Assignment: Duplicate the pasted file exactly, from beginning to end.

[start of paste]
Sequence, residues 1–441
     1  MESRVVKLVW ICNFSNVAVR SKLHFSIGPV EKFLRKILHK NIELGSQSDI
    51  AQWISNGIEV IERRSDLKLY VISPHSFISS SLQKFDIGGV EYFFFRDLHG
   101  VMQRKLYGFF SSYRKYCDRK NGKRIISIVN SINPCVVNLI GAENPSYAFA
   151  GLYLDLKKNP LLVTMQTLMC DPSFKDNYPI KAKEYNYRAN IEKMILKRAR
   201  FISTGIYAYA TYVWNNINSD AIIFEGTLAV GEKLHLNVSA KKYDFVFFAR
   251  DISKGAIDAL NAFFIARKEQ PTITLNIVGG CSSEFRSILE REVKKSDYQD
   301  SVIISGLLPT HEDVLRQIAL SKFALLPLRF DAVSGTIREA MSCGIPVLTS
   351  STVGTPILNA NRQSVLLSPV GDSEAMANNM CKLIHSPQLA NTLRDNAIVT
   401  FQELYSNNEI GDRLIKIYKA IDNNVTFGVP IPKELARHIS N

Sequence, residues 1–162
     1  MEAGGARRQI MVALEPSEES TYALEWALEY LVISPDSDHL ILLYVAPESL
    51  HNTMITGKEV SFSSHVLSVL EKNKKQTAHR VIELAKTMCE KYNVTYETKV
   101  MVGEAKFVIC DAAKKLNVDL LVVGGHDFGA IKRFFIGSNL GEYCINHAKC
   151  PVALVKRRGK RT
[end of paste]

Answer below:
Sequence, residues 1–441
     1  MESRVVKLVW ICNFSNVAVR SKLHFSIGPV EKFLRKILHK NIELGSQSDI
    51  AQWISNGIEV IERRSDLKLY VISPHSFISS SLQKFDIGGV EYFFFRDLHG
   101  VMQRKLYGFF SSYRKYCDRK NGKRIISIVN SINPCVVNLI GAENPSYAFA
   151  GLYLDLKKNP LLVTMQTLMC DPSFKDNYPI KAKEYNYRAN IEKMILKRAR
   201  FISTGIYAYA TYVWNNINSD AIIFEGTLAV GEKLHLNVSA KKYDFVFFAR
   251  DISKGAIDAL NAFFIARKEQ PTITLNIVGG CSSEFRSILE REVKKSDYQD
   301  SVIISGLLPT HEDVLRQIAL SKFALLPLRF DAVSGTIREA MSCGIPVLTS
   351  STVGTPILNA NRQSVLLSPV GDSEAMANNM CKLIHSPQLA NTLRDNAIVT
   401  FQELYSNNEI GDRLIKIYKA IDNNVTFGVP IPKELARHIS N

Sequence, residues 1–162
     1  MEAGGARRQI MVALEPSEES TYALEWALEY LVISPDSDHL ILLYVAPESL
    51  HNTMITGKEV SFSSHVLSVL EKNKKQTAHR VIELAKTMCE KYNVTYETKV
   101  MVGEAKFVIC DAAKKLNVDL LVVGGHDFGA IKRFFIGSNL GEYCINHAKC
   151  PVALVKRRGK RT